Infotainment systems pose collision risk for drivers, study says

Many believe infotainment offer a safe option for cellphone use while driving, but a study found these technologies still pose a distraction for drivers.

People in Tennessee and elsewhere often overlook the risks associated with distracted driving. However, the U.S. Department of Transportation reports that auto accidents involving distracted drivers resulted in 431,000 injuries and 3,179 deaths across the country in 2014 alone. Many motorists believe that using voice-activated technologies, or infotainment systems, offer a less distracting, safer option for using their cellphones while driving. A recent study by the AAA Foundation for Traffic Safety found that using these systems still poses a crash risk for drivers.

Examining the effects of infotainment system use on drivers

Researchers from the University of Utah, along with the AAA Foundation for Traffic Safety, conducted a study to understand how drivers' cognitive workloads are affected by the use of voice-activated technologies in ten model-year 2015 vehicles. To this end, 257 study participants were asked to use the infotainment systems in one of the 10 vehicles. 65 additional participants performed tasks using the voice-activated systems from Google, Microsoft and Apple.

The researchers asked the study participants to perform a range of tasks such as making music selections, voice dialing and voice contact calling. To establish a baseline, the researchers monitored participants while they performed these tasks. Then, the study's participants were permitted to practice using the in-car information systems at home for five days. After the practice period, the participants returned with the vehicles and the researchers monitored them as they performed the tasks again.

Motorists still distracted by voice-activated technologies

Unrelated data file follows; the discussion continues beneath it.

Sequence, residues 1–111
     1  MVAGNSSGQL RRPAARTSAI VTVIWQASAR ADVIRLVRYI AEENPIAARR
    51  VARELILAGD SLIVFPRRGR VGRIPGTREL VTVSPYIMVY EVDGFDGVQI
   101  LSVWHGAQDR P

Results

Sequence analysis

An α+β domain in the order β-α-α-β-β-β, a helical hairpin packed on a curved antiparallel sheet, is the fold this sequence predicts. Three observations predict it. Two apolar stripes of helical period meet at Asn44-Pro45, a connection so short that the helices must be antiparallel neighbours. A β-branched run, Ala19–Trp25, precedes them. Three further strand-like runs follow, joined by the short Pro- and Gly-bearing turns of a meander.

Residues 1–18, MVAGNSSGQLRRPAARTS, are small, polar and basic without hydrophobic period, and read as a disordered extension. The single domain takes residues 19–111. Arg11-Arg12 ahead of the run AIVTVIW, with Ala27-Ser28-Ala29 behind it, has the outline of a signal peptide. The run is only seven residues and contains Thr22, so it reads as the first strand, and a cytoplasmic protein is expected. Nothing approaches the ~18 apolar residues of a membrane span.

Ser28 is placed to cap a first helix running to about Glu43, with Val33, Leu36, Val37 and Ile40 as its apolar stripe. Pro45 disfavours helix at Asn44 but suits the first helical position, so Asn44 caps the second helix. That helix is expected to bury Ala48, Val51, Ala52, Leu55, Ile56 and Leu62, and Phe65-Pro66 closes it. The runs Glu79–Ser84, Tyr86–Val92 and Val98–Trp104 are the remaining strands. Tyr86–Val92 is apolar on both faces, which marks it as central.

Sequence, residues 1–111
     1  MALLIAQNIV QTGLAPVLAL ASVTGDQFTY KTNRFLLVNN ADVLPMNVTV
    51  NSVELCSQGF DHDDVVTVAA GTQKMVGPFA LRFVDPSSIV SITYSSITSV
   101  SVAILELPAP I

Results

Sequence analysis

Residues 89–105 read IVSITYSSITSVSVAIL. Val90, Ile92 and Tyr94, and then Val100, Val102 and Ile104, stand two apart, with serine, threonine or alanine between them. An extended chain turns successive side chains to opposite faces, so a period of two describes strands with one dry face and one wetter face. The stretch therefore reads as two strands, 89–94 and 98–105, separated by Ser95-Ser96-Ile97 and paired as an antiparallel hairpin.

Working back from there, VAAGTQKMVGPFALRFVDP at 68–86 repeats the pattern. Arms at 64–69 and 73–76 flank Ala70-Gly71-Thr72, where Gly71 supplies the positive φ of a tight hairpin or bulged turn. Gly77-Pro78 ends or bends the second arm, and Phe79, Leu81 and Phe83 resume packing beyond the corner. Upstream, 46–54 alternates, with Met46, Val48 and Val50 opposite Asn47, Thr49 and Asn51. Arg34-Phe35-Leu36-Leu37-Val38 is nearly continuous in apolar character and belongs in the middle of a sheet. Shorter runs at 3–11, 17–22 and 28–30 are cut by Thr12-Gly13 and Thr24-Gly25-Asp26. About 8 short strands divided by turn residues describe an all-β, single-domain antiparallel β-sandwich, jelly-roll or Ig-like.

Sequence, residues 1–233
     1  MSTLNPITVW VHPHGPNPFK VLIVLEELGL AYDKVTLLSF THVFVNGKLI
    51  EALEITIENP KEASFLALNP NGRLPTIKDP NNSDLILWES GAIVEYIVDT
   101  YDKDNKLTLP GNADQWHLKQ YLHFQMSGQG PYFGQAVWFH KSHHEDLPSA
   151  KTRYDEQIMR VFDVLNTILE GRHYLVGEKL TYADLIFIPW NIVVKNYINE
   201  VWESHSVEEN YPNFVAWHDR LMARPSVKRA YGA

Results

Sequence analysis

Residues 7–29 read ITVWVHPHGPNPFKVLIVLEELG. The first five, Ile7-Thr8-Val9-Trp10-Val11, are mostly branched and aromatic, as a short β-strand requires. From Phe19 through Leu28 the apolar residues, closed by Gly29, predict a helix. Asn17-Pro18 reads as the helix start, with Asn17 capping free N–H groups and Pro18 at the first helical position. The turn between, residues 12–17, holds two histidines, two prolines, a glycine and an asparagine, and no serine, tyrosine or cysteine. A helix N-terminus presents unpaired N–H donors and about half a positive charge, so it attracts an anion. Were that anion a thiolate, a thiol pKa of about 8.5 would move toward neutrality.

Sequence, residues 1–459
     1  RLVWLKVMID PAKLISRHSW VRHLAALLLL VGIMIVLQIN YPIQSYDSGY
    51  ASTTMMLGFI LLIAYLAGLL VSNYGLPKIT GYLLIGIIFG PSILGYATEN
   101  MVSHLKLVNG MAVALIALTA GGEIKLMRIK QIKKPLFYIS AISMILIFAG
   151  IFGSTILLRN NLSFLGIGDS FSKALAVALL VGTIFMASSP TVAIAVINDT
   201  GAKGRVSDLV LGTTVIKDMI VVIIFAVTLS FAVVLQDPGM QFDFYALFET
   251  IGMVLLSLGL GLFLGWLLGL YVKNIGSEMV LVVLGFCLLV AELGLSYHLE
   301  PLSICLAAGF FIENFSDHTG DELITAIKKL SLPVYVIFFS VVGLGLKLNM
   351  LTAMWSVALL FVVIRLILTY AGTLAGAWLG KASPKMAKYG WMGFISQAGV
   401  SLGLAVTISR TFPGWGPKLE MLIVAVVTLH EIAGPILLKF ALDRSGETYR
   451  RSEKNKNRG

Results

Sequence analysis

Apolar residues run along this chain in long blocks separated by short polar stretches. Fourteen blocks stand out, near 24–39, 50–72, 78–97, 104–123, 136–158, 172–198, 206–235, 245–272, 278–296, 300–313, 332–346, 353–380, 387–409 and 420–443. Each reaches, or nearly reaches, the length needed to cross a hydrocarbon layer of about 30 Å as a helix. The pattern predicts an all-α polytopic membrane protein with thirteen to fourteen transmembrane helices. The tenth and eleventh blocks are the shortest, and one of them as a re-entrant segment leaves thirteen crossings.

Based on the study's findings, infotainment systems can be significantly distracting for motorists. As such, using these systems pose a motor vehicle accident risk for drivers. The study showed that after using voice-activated technologies, motorists' attention may remain averted for 15 to 27 seconds, according to the New York Times. In general, this lingering distraction is because drivers must refocus and identify where they are, their speed and where other vehicles are on the roads after using such systems.

Supporters of infotainment systems commonly claim that the distractions they pose may dissipate over time with practice. The study's findings did not support this argument, however. The study's participants largely experienced the same level of distraction when using the voice-activated technologies during their initial assessments and after the practice periods.

Seeking legal guidance

Suffering an injury in a distracted driving accident may have devastating effects for people in Tennessee and their families. They may require medical treatment, which may lead to undue medical expenses and lost wages. Under some circumstances, the drivers responsible for causing such collisions may be held financially responsible. Thus, it may benefit people who have experienced such situations to discuss their case with an attorney. A legal representative may help them understand their rights and explain their options for pursuing compensation.